Cook meals – eat better, new study (it can help prevent cancer too)

We talk a lot about food and eating here because research shows it matters for cancer prevention. Now a study that quantifies the benefits of home cooking finds that if you frequently cook dinner at home you’re more likely to eat fewer calories, both at home and eating out, compared to those who seldom cook.canstockphoto18508832

The study was published in Public Health Nutrition yesterday.

People who cooked dinner the most, at least six nights a week, were eating 137 fewer calories per day on average compared to those cooking dinner only once a week or not at all.

Study authors used data from almost 9,600 adult participants of the government National Health and Nutrition Examination Survey. Participants answered questions about how many times they cooked during the past week and what they ate during the past 24 hours, along with questions such as about dieting.

The more people cooked, the less calories they ate. In 8% of adults’ homes, someone was cooking dinner once or less a week. These people were eating on average 2,301 calories a day. Almost half of households – 48% – were cooking dinner six to seven times a Continue reading


New Report: Americans Need More Red, Orange and Green

AmericaVegetable basketns need to add some pizzazz to our plates, specifically more colorful vegetables – red, green and orange according to a new report by the USDA. These veggies are important for overall health and in your cancer-fighting diet. Their low calories help with weight control and potent phytochemicals like carotenoids, vitamin C and flavonoids help keep cells healthy.

The report says we’re now eating about 1/4 cup daily per 1000 calories of these vegetables, far below the recommendation. The US Dietary Guidelines say you should eat at least double that. If you’re a woman you need at least 3/4 to 1 cup daily, men need at least 1 – 1 1/2 cups every day.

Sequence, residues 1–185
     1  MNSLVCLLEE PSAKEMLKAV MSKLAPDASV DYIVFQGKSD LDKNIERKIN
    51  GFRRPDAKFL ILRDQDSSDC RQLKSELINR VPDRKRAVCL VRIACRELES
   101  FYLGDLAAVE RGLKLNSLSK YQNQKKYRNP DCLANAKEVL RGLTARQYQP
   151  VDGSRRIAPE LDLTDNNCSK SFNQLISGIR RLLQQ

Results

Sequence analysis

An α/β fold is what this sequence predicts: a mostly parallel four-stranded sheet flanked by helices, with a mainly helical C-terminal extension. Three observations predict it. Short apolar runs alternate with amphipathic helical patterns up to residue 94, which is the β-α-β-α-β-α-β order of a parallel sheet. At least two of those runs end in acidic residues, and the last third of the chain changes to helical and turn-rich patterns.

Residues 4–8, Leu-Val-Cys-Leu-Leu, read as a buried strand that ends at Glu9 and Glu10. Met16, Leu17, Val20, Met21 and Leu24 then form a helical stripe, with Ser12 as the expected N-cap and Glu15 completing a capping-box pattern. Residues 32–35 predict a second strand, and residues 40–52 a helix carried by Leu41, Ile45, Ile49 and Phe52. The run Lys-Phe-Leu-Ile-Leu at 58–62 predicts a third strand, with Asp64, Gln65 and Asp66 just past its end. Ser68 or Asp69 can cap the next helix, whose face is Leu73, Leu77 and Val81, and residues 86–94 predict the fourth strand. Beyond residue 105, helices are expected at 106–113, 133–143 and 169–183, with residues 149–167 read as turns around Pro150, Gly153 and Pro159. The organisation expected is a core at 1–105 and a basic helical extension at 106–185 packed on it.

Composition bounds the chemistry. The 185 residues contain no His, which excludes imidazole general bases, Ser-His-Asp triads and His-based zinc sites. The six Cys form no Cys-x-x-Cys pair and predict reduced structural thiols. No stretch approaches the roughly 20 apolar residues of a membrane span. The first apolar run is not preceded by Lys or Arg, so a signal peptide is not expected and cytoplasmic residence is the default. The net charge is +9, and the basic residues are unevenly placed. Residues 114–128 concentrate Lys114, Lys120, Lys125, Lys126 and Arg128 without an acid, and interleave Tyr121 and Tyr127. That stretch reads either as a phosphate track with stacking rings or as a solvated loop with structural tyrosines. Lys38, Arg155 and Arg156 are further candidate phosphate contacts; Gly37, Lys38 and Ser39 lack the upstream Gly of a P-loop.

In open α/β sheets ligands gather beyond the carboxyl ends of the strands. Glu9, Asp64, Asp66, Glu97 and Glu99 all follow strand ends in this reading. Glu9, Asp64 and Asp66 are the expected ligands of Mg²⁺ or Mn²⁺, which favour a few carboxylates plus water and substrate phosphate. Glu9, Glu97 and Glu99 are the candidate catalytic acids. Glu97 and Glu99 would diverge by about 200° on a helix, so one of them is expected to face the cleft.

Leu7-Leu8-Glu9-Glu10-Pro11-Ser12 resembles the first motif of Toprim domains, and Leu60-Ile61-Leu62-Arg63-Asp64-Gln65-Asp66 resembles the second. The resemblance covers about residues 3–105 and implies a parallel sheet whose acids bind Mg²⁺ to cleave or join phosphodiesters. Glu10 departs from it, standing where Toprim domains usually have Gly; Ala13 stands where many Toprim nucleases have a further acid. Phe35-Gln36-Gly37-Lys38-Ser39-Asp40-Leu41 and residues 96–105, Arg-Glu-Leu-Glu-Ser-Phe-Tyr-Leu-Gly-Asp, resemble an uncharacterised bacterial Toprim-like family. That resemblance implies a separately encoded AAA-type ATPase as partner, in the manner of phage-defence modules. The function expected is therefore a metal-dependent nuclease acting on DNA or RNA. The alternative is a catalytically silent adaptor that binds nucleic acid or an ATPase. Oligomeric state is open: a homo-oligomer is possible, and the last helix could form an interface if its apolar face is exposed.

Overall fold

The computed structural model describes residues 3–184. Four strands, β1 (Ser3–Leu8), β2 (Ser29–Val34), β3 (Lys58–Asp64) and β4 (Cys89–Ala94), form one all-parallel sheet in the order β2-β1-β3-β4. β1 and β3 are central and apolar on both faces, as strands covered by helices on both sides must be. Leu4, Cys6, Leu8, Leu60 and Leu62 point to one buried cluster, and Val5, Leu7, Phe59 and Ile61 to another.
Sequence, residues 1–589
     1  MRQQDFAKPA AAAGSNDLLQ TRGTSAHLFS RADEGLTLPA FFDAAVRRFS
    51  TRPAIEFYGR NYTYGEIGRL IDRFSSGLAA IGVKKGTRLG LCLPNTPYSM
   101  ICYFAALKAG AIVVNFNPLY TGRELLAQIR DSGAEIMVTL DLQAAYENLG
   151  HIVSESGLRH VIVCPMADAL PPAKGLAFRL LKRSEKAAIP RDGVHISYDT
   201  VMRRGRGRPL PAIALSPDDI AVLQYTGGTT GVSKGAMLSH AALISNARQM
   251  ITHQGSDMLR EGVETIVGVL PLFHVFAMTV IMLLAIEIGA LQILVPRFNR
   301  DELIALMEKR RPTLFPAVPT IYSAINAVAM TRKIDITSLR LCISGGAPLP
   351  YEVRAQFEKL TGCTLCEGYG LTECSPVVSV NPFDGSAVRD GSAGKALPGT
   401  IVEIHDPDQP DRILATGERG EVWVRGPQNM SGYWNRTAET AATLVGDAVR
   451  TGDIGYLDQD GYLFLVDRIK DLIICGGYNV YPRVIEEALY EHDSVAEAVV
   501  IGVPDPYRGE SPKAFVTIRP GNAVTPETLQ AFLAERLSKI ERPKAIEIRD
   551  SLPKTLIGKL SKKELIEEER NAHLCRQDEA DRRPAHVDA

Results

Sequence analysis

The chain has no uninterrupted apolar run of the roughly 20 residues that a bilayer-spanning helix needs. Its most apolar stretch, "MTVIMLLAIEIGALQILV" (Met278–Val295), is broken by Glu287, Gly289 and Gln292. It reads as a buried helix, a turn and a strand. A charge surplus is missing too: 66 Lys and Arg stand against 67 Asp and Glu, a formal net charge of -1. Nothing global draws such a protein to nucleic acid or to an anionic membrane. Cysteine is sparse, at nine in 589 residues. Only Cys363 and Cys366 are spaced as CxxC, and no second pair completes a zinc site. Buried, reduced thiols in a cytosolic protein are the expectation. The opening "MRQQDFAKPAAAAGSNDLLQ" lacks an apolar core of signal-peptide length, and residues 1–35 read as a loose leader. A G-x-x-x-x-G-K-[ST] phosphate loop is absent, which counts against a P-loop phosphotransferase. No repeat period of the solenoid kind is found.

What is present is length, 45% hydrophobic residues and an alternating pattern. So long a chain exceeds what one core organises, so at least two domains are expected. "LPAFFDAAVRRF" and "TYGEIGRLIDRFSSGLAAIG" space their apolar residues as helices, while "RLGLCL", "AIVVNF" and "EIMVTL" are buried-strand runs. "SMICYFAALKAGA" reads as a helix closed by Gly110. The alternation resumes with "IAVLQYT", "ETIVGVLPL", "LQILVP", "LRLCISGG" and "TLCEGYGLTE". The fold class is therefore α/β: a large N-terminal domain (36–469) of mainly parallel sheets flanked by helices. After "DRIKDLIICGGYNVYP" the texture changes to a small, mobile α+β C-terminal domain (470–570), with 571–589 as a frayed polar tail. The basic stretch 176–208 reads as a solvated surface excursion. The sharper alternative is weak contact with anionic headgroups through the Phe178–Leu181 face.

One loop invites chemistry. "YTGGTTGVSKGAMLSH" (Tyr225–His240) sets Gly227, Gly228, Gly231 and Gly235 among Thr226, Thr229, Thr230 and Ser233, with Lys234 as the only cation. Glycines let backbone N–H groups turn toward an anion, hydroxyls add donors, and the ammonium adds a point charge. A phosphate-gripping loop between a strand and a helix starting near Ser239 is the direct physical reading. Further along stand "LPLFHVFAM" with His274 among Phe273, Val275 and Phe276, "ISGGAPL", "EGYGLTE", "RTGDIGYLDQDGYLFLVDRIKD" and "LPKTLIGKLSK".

*For a 2,000 calorie diet Source: USDA, Economic Research Service, Food Consumption and Nutrient Intakes Data Product

*For a 2,000 calorie diet
Source: USDA, Economic Research Service, Food Consumption and Nutrient Intakes Data Product

Fortunately, this plate redesign doesn’t take a lot of time or money. Here are 5 ways to get your 1 cup of colored veggies: Continue reading


Adding Red to Your Rice

A whole new world of whole grains is opening up to us these days, and rice alone comes in a host of varieties. You may have eaten basmati rice at an Indian restaurant, green “Bamboo” rice or even black rice that actually cooks up to be dark purple and is popular in China and Thailand.canstockphoto12136641

This week’s Health-e-Recipe is for Red Rice Dressing. The phytonutrient called anthocyanin – also present in red berries – creates its hue. Red rice is grown in countries as far-flung as France and Bhutan. (Don’t confuse it with “red yeast rice,” a supposedly medicinal substance used in traditional Chinese medicine.) Red rice contains potassium, magnesium and other minerals.

All rice provides about the same number of calories in a half-cup serving: about 200. But brown, wild and colored rices can contain more cancer-fighting fiber thanks to their whole-grain status from retaining their germ and bran, versus white rice that has had these fiber extras refined out of them. Not all exotic rice is a whole grain, either: if you’re looking for basmati or jasmine rice, for example, choose brown versions to get the most fiber.

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